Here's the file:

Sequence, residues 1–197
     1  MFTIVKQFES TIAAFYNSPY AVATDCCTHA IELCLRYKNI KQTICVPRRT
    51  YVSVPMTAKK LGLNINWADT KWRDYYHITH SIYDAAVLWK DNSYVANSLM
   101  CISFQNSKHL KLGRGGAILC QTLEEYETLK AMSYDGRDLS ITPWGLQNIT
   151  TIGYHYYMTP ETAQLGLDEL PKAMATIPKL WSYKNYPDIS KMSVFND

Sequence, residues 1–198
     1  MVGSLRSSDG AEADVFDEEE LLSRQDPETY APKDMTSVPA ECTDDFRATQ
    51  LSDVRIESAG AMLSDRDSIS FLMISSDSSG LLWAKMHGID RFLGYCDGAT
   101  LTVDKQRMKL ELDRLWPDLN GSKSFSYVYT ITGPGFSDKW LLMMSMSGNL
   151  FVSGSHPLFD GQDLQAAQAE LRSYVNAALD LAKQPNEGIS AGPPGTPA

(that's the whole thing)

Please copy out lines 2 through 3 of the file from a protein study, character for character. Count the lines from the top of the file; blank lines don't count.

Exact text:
     1  MFTIVKQFES TIAAFYNSPY AVATDCCTHA IELCLRYKNI KQTICVPRRT
    51  YVSVPMTAKK LGLNINWADT KWRDYYHITH SIYDAAVLWK DNSYVANSLM